Mike Bazar: We may not have an actual office there, but we serve clients. And then internationally as well, we worked with companies that are in the UK, costa Rica, Netherlands and kind of around the world. And so we've got a big reach, a big understanding. That's really what we're trying to kind of push through some of that. We offer a wide range of services from Cybersecurity to managed It, to different consulting, cloud support, a lot of kind of as a service where we can help even in co-managed situations. I know a lot of the time when people think of it providers MSPs. MSSPs. Especially if you're in house it and you're on this call, our job isn't to come steal your job.

Mike Bazar: It's to augment it's to help take the things off of your plate that either you don't have the expertise for don't have the time for allow you to focus on things that are more transformational for the business. So there's a lot of these pieces where we come together in a comanaged kind of environment and help work through those things. And so we do that a lot. But then there's also times where, say, maybe you're a smaller firm, 20, 30, 50 users, you don't have or don't need an in house It guy and we can do soup to nuts, all of the It cybersecurity, all those kinds of services.

Jon DePerro: Yeah, another thing I'll just piggyback on that Mike, is what we help to do is build the business case around It. When you're an It guy looking for It tools to solve It problems, you're always getting to It budget, right? And people say, well, I've been in business 20 years without a SOC or a SIEM, why do I need one today? Right? So it's helping to align the business needs to where you've got allies within your staff, the sales department, the CFO, other people saying oh hey, I don't care what it costs, we really need the SOC and SIEM. How do we elevate the discussion from It tools to solve It problems, to enabling business risk management or business?

Mike Bazar: Exactly. As a bonus, if you guys want on this, you scan that QR code, it'll take you over. So will that's earlier CEO, he wrote this new book, the compliance formula. I think probably John wrote most of it and then will just for it. I'm just kidding. But anyway, so that book is out QR code take you to Amazon. So if you're looking for CMMC compliant strategies, that books out there. But also keep in mind a lot of the time the strategies to be compliant with say you don't need CMMC. The strategies across a lot of compliance are the same in terms of how you build those processes. So getting into the meat and potatoes of this thing what is a SIEM and what is a SoC?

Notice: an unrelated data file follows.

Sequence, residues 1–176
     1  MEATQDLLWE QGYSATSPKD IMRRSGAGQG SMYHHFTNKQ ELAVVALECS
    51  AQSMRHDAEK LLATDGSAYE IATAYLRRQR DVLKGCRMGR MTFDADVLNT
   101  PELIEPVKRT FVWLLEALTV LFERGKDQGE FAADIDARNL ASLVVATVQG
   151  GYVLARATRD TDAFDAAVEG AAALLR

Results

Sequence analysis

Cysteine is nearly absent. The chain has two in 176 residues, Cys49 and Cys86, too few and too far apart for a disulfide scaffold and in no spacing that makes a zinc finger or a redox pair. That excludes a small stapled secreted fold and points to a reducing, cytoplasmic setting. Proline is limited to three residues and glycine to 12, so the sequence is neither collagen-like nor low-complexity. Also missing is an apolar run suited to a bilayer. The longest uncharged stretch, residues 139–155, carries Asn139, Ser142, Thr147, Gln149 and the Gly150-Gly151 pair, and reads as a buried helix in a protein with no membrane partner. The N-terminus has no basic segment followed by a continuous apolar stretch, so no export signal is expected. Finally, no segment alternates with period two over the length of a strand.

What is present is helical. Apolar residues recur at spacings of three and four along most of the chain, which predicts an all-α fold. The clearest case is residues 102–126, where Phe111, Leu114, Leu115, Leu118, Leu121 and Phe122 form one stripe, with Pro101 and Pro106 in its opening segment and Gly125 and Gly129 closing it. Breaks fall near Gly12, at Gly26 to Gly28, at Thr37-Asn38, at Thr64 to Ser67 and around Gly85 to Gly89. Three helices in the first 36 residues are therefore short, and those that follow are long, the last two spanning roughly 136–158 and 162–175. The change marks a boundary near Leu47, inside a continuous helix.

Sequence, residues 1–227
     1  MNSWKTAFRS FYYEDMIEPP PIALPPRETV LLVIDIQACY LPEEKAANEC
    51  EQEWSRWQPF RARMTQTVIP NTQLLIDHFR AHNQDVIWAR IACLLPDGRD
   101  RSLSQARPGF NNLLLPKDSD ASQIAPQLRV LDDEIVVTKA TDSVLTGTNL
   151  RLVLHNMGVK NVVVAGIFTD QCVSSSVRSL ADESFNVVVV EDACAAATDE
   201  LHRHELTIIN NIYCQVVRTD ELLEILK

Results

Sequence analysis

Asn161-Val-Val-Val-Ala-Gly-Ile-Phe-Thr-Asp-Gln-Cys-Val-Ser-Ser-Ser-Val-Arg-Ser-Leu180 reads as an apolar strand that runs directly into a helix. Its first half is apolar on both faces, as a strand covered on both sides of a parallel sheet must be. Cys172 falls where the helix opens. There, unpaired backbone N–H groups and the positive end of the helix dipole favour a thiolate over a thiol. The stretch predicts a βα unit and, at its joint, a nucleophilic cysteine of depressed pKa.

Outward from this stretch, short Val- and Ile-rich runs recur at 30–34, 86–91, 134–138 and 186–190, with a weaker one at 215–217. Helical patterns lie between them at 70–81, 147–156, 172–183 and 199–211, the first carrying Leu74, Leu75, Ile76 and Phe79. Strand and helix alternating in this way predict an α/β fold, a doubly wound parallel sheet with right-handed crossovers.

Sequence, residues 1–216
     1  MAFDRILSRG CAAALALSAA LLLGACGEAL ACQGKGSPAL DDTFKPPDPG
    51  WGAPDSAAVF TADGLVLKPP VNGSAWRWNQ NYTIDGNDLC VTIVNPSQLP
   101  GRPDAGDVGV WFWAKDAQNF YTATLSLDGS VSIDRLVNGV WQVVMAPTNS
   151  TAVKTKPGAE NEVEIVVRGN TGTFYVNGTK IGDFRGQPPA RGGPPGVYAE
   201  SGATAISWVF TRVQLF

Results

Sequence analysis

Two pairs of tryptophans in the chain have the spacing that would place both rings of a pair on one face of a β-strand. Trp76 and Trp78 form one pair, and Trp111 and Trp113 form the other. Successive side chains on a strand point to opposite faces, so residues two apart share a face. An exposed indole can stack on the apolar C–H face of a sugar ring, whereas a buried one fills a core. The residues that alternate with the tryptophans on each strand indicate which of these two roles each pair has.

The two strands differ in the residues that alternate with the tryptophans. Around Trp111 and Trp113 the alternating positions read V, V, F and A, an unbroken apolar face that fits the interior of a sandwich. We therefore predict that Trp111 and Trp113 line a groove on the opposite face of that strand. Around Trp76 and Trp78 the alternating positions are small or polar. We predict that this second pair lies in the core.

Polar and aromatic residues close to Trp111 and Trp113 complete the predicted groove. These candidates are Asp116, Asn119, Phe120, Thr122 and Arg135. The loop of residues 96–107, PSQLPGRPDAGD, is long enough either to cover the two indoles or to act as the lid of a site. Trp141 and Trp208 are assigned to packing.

Mike Bazar: And so a SIEM stands for Security Information and Event Management, which is just a big word for saying it's software that aggregates data. And then SoC stands for Security Operations Center. And so next couple of slides here, we'll kind of go through that. So SIEM really is software solution that's collecting aggregating data. And so what it is, if you think about it right now, before SIEM were readily available, you had a firewall and you had a bunch of logs there. And you have desktops, and you have a bunch of logs there. You have servers, you have logs there, you have applications, you have logs there. And if I really wanted to see what's going on, I had to go look through all of those different things to try to pull data together. And so SIEM is an application that does that for you. Right.

Mike Bazar: It integrates into all of these different solutions. It pulls all of this data and aggregates it into one spot, which gives you significantly better visibility into a lot of things, some of it's performance related. Right? If we're pulling logs and data, I can see across a server farm or a set of virtual servers what the usage and the loads are. And then that can even lead into the security piece of we can look through all these logs for security, but we could also look for sudden, weird changes in the way a server is running and functioning and the amount of Ram it's using as a CPU. Those spikes and things could indicate changes. Disk I O jumps up a bunch of read writes that could be somebody encrypting a bunch of files if that's not normal, and that could be ransomware.

Mike Bazar: So there's a lot of these different pieces that get pulled together that individually, it'd be really hard. Like if I asked John to go collect all of that data individually, by the time he collects the data, the security damage is done, the other things are done. It's hard to correlate what that moment in time was around a performance issue. And so while we're focusing on security as we talk through this, also keep in mind that a lot of the time, a SIEM can also just be used for performance monitoring, seeing what else is going on, and just the way you're collecting a lot of those logs and other stuff. There's other applications that are built for some of the performance monitoring specifically, but you can pull all these different pieces together and to help and figure out what that is.